Ireland’s open border ensures people can eat
In Northern Ireland, 56% of those who took part in the referendum voted to remain in the European Union. For the majority, the freedom for people and goods to come and go without checks across the Irish border carries the momentous freight of national identity; it goes to the heart of the peace settlement. The UK government knows this – which is why Theresa May has promised a contradiction: that what will become the border with the EU will remain frictionless, despite also promising, to please Brexiters, that Great Britain and Northern Ireland will be outside the customs union and single market.
The idea that you can have a frictionless, open border without customs arrangements that match exactly or near as damn it on either side is a myth. But while the politics of the border have been extensively discussed, the practical importance of the customs union is still not widely understood. While it may sound technical, what it controls is as basic as bread and milk. We discuss it in the abstract. We need to talk about the effect on people.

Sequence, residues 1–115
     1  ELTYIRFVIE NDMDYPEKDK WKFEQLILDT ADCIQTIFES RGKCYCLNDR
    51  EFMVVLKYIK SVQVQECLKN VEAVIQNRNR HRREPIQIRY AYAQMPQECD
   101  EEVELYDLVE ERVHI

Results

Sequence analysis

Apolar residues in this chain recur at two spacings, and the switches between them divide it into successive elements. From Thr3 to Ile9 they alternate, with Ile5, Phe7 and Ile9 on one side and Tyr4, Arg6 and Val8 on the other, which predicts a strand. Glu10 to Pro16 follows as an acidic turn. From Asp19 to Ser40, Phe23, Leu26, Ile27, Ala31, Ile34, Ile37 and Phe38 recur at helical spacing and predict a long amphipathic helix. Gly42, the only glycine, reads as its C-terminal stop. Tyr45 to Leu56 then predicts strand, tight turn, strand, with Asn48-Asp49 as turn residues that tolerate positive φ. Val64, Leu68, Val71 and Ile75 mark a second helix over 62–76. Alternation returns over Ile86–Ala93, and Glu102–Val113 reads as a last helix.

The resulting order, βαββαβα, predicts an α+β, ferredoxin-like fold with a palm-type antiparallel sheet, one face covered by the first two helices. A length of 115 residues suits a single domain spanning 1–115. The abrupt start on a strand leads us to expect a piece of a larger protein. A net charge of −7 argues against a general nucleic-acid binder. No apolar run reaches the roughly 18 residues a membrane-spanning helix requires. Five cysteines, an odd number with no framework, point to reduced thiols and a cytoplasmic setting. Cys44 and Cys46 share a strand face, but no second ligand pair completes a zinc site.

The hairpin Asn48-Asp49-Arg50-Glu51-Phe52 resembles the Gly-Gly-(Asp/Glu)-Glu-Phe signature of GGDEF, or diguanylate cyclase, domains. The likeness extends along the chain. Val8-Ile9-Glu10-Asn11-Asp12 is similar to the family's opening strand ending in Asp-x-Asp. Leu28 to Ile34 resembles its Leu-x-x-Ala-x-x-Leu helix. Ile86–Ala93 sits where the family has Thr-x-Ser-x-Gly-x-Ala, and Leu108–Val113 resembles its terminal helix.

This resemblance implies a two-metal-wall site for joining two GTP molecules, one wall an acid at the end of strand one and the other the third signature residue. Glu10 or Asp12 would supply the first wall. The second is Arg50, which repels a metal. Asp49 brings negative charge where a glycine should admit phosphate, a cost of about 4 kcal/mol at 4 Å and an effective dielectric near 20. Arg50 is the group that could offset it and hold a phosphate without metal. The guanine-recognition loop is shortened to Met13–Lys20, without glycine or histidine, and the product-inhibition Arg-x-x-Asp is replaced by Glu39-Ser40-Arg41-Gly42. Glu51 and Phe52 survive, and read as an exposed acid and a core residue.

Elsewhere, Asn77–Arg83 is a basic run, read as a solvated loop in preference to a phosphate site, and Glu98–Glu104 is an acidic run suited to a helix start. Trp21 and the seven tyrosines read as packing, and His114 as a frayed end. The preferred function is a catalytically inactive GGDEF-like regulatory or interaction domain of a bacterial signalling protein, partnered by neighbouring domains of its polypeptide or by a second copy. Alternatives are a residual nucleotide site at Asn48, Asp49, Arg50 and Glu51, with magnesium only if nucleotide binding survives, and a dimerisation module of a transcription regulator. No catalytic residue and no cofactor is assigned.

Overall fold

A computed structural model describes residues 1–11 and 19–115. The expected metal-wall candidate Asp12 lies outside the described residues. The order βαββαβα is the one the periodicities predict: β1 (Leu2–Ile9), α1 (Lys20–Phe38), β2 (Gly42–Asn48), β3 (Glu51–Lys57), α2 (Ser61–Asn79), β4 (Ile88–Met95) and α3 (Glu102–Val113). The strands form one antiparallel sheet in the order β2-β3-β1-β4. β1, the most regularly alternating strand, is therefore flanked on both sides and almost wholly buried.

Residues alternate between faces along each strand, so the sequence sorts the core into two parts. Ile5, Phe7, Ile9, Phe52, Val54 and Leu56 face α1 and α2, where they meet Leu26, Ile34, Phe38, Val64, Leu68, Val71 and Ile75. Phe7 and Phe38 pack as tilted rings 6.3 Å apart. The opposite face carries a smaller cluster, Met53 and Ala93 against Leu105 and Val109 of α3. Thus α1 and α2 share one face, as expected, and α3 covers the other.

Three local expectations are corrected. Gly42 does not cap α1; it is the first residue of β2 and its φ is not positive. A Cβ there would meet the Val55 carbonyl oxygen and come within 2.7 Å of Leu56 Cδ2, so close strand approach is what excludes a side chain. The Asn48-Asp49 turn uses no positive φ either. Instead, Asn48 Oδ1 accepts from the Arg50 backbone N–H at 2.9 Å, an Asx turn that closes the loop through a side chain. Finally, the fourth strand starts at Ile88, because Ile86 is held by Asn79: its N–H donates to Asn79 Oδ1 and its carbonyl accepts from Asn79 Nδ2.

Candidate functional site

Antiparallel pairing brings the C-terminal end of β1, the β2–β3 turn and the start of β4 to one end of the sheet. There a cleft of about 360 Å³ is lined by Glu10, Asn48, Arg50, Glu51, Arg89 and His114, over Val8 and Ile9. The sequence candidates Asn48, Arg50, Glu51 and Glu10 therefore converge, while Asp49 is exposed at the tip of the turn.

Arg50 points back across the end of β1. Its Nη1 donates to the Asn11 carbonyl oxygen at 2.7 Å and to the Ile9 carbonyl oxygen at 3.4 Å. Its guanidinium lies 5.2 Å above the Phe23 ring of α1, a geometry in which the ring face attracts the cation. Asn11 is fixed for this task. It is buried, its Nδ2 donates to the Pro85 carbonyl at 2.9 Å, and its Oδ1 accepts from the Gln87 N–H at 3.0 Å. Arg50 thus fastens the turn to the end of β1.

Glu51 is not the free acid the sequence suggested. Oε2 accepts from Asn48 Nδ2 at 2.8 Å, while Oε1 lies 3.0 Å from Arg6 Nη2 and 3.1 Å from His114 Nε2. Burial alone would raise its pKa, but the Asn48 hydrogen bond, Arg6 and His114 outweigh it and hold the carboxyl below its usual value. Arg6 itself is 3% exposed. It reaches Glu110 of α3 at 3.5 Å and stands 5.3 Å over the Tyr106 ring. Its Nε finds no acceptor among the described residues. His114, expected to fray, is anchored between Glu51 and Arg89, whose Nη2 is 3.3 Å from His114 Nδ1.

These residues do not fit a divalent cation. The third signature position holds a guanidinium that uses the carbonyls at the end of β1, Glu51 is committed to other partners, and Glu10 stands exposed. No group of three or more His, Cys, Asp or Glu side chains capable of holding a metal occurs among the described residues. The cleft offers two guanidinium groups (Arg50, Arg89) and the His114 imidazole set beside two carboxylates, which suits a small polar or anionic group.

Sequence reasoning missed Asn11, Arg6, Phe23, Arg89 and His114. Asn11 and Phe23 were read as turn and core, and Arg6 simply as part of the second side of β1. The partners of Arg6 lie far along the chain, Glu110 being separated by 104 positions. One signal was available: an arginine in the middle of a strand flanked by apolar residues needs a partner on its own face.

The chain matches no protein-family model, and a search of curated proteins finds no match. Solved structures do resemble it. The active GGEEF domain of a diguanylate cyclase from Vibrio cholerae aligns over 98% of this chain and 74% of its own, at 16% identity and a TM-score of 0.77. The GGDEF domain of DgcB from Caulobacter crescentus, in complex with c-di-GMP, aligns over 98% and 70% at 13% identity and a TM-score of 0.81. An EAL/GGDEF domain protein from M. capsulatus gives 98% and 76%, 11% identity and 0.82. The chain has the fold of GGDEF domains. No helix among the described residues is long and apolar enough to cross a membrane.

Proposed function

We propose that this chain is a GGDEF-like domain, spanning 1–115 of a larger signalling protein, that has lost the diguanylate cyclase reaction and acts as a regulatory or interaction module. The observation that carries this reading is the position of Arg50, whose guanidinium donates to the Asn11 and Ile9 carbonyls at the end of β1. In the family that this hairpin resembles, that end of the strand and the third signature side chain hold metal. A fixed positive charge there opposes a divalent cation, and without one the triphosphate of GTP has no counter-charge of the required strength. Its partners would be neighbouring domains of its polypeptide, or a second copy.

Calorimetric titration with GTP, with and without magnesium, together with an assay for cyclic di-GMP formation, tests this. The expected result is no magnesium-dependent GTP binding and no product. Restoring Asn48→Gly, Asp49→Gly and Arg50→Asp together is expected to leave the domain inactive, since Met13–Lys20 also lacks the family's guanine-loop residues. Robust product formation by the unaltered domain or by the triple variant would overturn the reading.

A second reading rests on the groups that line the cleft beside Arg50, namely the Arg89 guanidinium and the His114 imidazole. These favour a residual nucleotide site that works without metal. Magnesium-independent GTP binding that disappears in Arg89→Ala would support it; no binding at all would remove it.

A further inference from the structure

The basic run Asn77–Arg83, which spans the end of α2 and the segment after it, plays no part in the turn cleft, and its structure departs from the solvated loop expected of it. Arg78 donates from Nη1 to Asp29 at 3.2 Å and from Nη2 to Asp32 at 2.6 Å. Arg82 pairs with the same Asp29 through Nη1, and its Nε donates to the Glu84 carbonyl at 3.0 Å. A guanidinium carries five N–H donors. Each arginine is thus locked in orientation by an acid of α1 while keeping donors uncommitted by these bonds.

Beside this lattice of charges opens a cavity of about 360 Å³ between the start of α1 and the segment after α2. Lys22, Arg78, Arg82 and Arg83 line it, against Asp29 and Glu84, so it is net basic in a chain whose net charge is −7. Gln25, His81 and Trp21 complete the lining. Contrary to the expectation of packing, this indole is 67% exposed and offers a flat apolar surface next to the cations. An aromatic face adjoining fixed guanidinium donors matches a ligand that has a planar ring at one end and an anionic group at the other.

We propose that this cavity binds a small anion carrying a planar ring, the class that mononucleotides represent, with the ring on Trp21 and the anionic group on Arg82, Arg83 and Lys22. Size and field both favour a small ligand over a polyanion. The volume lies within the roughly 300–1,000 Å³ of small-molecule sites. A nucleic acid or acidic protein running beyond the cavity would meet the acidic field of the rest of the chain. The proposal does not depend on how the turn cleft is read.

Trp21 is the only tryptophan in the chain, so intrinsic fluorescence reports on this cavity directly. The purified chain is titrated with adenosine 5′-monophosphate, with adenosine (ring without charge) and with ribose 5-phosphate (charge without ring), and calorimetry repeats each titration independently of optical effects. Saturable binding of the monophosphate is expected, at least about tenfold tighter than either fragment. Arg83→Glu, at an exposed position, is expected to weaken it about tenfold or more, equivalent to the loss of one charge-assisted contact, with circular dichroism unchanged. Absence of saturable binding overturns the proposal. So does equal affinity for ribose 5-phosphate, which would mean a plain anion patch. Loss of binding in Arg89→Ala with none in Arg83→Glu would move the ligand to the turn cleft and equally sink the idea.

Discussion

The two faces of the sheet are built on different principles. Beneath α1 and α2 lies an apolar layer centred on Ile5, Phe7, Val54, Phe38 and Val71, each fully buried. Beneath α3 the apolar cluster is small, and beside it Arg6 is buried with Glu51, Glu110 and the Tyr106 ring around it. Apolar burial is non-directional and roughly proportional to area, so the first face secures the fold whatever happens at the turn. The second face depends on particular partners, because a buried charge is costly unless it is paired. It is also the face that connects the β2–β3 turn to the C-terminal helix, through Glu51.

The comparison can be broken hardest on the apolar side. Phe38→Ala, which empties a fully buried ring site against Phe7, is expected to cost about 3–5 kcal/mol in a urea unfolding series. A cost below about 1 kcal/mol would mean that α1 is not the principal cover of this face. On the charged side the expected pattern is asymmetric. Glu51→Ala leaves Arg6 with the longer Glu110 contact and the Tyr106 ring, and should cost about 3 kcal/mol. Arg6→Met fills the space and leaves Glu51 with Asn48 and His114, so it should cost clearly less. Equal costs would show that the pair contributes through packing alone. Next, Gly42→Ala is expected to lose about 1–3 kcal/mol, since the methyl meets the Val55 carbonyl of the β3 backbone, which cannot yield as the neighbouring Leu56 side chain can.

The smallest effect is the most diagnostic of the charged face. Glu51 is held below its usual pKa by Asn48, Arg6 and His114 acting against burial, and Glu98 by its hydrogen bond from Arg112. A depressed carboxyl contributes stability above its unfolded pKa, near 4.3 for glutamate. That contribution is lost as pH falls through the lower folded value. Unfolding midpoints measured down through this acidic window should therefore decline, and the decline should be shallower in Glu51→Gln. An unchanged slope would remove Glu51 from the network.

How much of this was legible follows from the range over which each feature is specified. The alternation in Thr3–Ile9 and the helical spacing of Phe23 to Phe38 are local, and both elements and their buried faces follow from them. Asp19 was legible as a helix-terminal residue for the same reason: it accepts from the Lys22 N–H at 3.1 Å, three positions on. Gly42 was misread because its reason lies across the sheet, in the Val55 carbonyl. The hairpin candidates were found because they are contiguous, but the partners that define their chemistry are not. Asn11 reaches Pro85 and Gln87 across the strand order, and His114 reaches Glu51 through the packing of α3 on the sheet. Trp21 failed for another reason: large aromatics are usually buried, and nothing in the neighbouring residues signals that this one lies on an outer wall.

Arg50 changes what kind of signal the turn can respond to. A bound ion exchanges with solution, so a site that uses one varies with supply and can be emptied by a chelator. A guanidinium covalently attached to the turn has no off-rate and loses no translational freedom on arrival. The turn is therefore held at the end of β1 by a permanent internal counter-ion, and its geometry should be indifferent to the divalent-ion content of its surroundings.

The Northern Irish economy depends on its agri-food exports. The lion’s share of the $1.6bn a year it exports to the EU flows across the Irish border. Thousands of daily movements of people, lorries and animals go back and forth. Forty per cent of lamb reared in the north travels over to the south for processing, as does up to a third of Northern Ireland’s milk production. Food and drink is the north’s largest manufacturing sector and one in 10 jobs depend on it.
Cutting off the flow of food into Northern Ireland, meanwhile, is unprecedented outside of the circumstances of war. Just three supermarket chains feed it, to all intents and purposes – Tesco, Asda and Sainsbury’s supply 70% of the country’s grocery sales, providing an uninterrupted stream of fresh food sourced from across continental Europe through Britain. Think on that with the day-to-day impact on families in mind. Even a small increase in delays for inspection could risk the prospect of food rotting before it was processed.
Even if the political consequences of a new, hard border were surmountable, the practical ones seem unmanageable.